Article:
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Court of Chancery Holds Limitation Act In 10 Del. C. 8111 And Not 8106 Applies For "Other [Work] Benefits"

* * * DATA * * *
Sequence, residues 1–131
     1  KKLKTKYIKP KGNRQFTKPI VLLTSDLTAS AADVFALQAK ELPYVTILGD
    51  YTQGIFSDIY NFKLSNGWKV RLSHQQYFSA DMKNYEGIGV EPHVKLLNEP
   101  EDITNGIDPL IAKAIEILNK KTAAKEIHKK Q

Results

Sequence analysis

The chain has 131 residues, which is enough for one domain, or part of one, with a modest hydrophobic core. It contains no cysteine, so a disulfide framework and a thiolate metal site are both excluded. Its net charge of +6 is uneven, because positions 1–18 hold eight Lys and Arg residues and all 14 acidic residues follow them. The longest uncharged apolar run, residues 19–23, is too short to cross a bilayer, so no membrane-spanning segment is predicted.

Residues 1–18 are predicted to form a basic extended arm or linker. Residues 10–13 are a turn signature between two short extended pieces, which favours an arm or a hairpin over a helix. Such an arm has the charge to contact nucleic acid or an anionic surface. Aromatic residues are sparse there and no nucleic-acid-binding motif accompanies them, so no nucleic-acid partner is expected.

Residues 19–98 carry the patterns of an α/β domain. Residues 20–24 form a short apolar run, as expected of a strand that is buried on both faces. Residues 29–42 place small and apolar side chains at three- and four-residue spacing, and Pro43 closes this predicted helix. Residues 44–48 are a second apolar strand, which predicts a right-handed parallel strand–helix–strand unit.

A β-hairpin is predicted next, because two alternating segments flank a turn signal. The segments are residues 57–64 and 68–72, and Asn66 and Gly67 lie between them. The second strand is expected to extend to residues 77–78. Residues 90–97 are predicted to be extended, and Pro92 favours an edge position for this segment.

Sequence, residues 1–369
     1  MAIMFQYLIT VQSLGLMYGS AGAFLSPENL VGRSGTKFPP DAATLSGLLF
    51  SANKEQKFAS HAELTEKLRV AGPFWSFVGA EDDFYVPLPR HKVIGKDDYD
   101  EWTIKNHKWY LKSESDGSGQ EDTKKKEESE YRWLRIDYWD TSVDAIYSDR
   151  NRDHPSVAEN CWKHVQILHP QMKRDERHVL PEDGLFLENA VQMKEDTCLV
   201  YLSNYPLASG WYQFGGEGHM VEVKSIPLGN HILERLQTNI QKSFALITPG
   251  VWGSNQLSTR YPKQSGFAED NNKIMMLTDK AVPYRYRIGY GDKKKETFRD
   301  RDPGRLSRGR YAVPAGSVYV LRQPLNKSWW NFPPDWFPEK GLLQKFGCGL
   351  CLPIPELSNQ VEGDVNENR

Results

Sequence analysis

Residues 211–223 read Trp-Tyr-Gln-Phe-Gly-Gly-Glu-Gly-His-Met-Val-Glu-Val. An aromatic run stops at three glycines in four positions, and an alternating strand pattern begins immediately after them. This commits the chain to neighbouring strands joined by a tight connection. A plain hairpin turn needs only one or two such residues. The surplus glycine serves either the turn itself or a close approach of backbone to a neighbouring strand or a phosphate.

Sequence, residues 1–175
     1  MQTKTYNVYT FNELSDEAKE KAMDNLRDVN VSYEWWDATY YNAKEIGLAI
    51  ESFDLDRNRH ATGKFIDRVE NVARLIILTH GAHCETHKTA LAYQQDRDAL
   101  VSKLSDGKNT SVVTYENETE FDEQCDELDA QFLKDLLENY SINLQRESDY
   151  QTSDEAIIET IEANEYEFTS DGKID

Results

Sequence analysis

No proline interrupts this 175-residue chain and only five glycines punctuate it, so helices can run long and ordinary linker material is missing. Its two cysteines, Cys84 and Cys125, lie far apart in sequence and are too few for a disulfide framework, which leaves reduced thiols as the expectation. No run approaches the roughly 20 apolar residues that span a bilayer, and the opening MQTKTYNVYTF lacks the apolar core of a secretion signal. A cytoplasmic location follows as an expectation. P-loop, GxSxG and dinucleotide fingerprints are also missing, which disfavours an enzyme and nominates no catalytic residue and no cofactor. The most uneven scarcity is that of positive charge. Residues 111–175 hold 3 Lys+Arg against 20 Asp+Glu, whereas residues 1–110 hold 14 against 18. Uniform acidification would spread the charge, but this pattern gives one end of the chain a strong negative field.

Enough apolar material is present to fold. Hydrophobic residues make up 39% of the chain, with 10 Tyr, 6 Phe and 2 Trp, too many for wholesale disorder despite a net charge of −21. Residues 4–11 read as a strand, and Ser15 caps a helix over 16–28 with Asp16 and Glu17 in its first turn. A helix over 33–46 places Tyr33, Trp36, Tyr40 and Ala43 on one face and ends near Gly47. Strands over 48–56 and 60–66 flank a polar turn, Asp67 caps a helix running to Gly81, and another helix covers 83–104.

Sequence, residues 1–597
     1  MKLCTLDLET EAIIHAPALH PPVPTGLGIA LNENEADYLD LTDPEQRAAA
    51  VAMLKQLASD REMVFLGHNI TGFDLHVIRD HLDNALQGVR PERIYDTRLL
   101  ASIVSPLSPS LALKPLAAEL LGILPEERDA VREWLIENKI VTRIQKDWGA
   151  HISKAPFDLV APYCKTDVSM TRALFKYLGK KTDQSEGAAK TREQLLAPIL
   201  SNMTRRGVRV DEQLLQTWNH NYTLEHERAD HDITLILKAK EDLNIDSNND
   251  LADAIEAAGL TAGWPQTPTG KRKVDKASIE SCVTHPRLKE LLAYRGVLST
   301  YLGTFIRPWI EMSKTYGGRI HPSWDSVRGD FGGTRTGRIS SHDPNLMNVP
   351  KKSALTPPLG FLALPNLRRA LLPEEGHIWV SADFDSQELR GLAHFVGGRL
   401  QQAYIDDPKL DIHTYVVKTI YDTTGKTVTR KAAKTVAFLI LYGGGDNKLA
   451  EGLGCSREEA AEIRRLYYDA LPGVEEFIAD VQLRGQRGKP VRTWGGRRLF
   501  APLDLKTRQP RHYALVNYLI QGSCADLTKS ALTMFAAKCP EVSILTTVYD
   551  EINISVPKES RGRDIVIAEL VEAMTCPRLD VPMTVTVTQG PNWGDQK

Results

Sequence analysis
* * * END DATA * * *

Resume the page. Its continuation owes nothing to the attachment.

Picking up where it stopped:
Little Switzerland, Inc. v. Patrick J. Hopper, C.A. No. 590 (Del. Ch. Jan. 24, 2005)(published at 867 A.2d 955). This case involved a request for an injunction filed by the employer-corporation seeking to stop an arbitration of a contractual claim by a plaintiff-employee. The employee sought significant payments under a Change in Control transaction that allegedly triggered a clause vesting the right to payment in the employee. The court held the claim was time-barred under 10 Del. C. §8111 and not 10 Del. C. §8106. This matter involves an agreement between the plaintiff-employee and the defendant-corporation that acquired the employee's stock in a Change in Control transaction. The Change in Control transaction triggered substantial payments to plaintiff under the agreement. Defendant-employee sought to challenge the consideration paid by plaintiff-employer by specifically enforcing the arbitration mandated under the agreement. In denying the employee's claims, the court addressed the sole issue: whether 10 Del. C. §8111, providing a one-year limitation, or §8106, prescribing a three-year limitation, would apply to govern this breach of contract action. Plaintiff-employer claimed that the one-year limit under section 8111 applied whereas defendant-employee claimed that the three-year statute applied. The court held that the former governed under these set of facts because the statute covered "other benefits arising from ... work ... performed," and was predicated on the past services of the defendant predating the Change in Control transaction. The court also distinguished other Delaware precedent dealing with the two statutes, namely Scharf v. Edgecomb Corp, 1997 WL 762656 (Del. Ch. Dec. 4, 1997) and Stifel Financial Corp. v. Cochran, 809 A.2d 555 (Del. 2002) in particular. Authored by: Raj Srivatsan 302-888 6831 Share


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